> as a character develops.
                  >
                  > Also, as presented, I don't understand what the difference is between
                  > a Feat and a Free Invoke for one of these rigid aspects you have. If a
                  > Feat gives a narrow application for the aspect that doesn't cost a
                  > fate point, isn't that the same as a Free Invoke?
                  >
                  > > Slightly more than Fate Core specifies, but some of them are merely elaborations of the "High Concept".
                  >
                  > In your text, you'll want some advice on dealing with overlap of
                  > meaning between aspects, if this is the case. As a potentially crappy
                  > example, if I have "Fighter" and then I have "Mercenary", when would I
                  > ever invoke the former compared to the latter?
                  >
                  > In other words, I wonder if you really can have your cake and eat it
                  > too with allowing both freeform interpretation of aspects and these
                  > other, more narrow uses.
                  >
                  > > 9) I want to write up some language about "Players always roll"
                  >
                  > Player-facing rolls as a hard rule is the bomb diggity.
                  >
                  > > 10) "Professions"
                  >
                  > I'm concerned about redundancy here, for obvious reasons, without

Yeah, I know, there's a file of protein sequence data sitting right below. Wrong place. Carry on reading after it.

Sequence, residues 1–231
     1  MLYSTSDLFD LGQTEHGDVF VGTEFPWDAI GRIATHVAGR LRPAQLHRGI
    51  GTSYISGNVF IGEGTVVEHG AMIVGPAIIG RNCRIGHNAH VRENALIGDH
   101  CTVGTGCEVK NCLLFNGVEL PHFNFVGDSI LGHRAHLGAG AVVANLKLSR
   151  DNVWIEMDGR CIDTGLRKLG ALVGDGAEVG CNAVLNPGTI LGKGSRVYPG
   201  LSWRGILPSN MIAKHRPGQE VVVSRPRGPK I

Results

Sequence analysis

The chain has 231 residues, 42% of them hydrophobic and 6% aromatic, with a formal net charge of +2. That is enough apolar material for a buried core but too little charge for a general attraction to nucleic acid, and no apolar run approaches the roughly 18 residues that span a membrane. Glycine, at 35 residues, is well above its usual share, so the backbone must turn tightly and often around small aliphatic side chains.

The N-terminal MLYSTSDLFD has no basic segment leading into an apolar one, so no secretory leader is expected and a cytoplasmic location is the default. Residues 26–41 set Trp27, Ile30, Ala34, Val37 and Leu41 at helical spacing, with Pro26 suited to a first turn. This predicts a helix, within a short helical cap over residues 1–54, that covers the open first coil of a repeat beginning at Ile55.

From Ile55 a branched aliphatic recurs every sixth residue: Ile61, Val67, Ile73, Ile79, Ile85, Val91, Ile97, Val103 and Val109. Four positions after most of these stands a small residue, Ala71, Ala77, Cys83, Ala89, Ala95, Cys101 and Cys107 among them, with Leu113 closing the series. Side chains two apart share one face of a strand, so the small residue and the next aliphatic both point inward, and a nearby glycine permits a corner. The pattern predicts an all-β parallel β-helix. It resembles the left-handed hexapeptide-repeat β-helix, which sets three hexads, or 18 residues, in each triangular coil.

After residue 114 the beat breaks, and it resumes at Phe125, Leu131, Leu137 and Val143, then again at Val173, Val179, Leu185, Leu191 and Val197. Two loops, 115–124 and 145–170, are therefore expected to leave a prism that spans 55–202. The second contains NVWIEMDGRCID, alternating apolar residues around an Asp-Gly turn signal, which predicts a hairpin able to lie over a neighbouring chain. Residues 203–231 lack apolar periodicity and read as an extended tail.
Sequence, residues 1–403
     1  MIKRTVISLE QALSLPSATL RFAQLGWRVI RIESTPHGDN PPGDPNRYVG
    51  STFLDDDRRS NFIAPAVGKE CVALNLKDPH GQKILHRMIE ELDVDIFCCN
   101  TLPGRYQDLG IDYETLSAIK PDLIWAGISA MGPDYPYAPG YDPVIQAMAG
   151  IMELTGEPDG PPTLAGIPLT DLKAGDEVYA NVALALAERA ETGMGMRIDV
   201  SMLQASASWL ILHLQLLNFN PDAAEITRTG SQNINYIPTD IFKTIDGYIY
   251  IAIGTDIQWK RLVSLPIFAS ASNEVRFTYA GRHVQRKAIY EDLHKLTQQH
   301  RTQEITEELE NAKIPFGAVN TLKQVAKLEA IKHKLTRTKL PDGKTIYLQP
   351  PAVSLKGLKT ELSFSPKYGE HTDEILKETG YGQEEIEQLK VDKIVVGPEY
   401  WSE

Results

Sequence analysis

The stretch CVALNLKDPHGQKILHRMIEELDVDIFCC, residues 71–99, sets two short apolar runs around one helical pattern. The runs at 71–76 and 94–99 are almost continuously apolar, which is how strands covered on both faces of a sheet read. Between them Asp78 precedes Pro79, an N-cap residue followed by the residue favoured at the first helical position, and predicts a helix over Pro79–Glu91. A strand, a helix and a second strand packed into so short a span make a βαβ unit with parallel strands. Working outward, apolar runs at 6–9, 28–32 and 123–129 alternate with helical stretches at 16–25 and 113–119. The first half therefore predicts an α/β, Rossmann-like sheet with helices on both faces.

> seeing precisely how you might implement this.
                  >
                  > I'm also concerned with the bookkeeping on these pre-defined invokes
                  > and compels. If I've got a Class, a Race, a Setting, a Culture, and a
                  > Profession, and each of those has two invokes and two compels
                  > pre-defined, then there's a list of twenty things, not easily
                  > abbreviated, that I have to keep track of at any given moment of play.
                  > I see a lot of potential to forget or overlook that, which is to my
                  > detriment as a player.
                  >
                  > On the other hand, people play Rolemaster, so maybe I don't know what
                  > I'm talking about. :)
                  >
                  > --
                  > Leonard Balsera, Fate System Developer for Evil Hat Productions
                  > lbalsera@...
                  > www.evilhat.com
                  > https://www.facebook.com/EvilHatProductions
                  >